Reteplase versus Streptokinase in Management of ST-segment Elevation Myocardial Infarction; a Letter to the Editor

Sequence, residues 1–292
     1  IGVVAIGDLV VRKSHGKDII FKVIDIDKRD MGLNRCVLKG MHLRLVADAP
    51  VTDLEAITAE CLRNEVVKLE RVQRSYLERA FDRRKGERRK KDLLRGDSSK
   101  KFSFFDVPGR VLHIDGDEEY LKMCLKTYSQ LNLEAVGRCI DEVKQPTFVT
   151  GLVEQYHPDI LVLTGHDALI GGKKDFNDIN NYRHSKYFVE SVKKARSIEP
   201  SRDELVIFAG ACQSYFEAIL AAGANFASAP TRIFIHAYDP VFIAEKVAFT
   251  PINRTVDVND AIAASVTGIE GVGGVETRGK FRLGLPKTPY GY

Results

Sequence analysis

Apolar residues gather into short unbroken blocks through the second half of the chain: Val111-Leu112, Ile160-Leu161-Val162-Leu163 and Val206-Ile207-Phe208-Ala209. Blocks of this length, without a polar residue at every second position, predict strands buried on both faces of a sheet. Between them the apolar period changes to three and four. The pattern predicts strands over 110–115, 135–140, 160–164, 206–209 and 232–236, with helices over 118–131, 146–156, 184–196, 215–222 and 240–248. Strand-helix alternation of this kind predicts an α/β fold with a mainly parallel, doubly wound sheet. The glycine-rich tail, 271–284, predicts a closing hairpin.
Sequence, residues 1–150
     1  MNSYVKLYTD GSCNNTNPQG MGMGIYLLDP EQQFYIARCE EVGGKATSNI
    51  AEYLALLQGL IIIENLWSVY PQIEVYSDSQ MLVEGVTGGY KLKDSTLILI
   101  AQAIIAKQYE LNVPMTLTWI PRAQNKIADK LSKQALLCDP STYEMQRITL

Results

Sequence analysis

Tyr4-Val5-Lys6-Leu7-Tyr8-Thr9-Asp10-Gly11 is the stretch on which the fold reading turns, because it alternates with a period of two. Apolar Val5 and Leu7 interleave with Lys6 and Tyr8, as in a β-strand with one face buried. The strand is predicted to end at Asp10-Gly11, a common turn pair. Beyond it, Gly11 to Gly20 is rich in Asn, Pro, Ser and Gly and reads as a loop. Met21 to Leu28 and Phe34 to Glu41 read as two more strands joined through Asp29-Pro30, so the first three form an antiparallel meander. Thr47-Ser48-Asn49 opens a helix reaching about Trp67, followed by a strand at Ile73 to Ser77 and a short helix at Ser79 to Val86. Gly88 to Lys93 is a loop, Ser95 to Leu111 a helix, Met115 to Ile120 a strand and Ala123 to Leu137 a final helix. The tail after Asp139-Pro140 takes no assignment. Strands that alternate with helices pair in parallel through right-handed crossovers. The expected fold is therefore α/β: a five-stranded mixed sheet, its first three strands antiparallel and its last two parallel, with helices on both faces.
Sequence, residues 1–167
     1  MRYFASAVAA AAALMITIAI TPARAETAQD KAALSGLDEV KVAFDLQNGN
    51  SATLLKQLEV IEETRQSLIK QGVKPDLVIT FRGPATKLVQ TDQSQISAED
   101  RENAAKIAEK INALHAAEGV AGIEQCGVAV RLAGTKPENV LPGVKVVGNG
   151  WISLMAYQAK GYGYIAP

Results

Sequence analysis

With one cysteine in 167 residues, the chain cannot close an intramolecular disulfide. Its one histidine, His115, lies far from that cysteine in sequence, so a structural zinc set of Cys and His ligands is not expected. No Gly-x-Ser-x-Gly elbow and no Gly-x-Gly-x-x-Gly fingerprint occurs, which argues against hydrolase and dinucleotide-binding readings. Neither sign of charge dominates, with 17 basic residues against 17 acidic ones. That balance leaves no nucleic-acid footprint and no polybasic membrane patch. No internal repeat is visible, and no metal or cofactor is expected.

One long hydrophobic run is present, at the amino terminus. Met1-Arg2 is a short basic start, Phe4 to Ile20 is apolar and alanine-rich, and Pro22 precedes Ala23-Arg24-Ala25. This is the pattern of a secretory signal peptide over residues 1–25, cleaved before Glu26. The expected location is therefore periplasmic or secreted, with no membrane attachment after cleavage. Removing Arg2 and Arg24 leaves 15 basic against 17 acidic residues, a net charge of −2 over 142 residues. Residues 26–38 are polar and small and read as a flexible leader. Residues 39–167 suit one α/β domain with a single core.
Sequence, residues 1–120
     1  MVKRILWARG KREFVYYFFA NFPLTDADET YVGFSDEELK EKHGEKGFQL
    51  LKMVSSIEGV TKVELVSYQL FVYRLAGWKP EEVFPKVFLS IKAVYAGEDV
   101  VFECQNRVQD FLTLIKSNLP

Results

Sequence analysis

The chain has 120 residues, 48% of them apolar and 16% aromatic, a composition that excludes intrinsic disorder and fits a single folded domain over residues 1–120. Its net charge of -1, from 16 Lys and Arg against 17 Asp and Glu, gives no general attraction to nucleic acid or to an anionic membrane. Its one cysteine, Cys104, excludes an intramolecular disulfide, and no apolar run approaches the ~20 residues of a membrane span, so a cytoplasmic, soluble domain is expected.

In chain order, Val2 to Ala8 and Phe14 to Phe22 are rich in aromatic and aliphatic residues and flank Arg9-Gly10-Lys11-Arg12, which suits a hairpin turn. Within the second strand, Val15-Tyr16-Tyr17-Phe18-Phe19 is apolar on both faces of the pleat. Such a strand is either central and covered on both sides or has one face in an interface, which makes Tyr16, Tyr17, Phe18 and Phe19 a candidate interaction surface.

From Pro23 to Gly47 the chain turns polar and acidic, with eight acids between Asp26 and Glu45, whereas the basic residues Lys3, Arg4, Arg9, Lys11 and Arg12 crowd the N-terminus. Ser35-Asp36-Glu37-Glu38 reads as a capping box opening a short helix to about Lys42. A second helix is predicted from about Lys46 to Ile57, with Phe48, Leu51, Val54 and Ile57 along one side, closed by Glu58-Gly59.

Although the ideal treatment route for management of patients with ST-segment elevation myocardial infarction (STEMI) is rapid diagnosis and direct transfer to the catheterization unit and undergoing primary angioplasty, using thrombolytic still has its place in cases that the equipment are not available or there is not enough time for performing angioplasty. Of course these drugs are associated with specific side effects such as probability of gastrointestinal (GI) and cerebral bleeding, allergic reactions and etc. Therefore, finding drugs with fewer side effects and limitations for use has always been interesting in this regard. The drug which has been used all around the world since 1970 and is also traditionally used in Iran for managing patients with STEMI is streptokinase. This drug is a protein extracted from beta hemolytic streptococci, which combines with plasminogen and facilitates transformation of plasminogen to plasmin. However, recently fibrin specific drugs or recombinant tissue plasminogen activators (rtPA) such as alteplase, urokinase, tenecteplase, reteplase and etc. have become available to emergency medicine physicians and cardiologists. Having longer half-lives, fewer side effects, and easier method of use, these drugs have opened a new door for physicians regarding use of thrombolytic drugs in treatment of STEMI and brain stroke. Studies regarding comparison of safety and effectiveness of these drugs are ongoing. In a systematic review and meta-analysis, Tourani et al. showed that the safety and effectiveness of streptokinase and tenecteplase were in the same level. Reteplase is an rtPA peptide, which converts endogenous plasminogen to plasmin. Plasmin causes destruction of the fibrin present in the clot and the clot disappears. In a prospective case-control study in Amiralmomenin Hospital, Tehran, Iran, we divided 152 patients with STEMI and the mean age of 56.41 ± 10.40 (27 – 85) years who were candidates for receiving thrombolytic therapy into 2 groups receiving either streptokinase (from CSL Behring GmbH Co, Germany) or reteplase (from Reliance Life Sciences Co, India) (83.6% male). Then we compared outcomes such as GI bleeding, mortality, hypotension, arrhythmia, and etc. between the 2 groups. The 2 groups were in a similar condition regarding sex (p = 0.331) and age distribution (p = 0.393), blood pressure on admission (p = 0.378), and the rate of positive troponin on admission (p = 0.113). Overall, 61 (40.1%) patients showed at least one of the outcomes that we studied (13 cases in the streptokinase group and 48 cases in the reteplase group; p < 0.0001). In this study, all 20 cases of GI bleeding observed following thrombolytic prescription were in the reteplase group. Additionally, out of the 19 cases of death observed, 14 were in reteplase group and 5 had received streptokinase. One case of arrhythmia and 2 cases of hypotension were seen in streptokinase group. Based on the findings of this study, it seems that despite factors such as longer serum half-life and ease of use, the rate of side effects of this drug should be carefully considered before use. Based on some existing studies, it seems that in the most optimistic scenario, these 2 groups have similar side effects and effectiveness. For a more accurate assessment at least regarding the Iranian race, more accurate studies with larger sample size are required. This topic might have received less attention in developed countries as considering availability of equipment in those countries, treatment protocols are mostly based on angioplasty and not using thrombolytic drugs there. This subject becomes more important when we are aware of the higher treatment costs of these new drugs for patients since insurance does not cover them. Performing cost/benefit studies and evaluating the safety of treatment are suggested for future studies.
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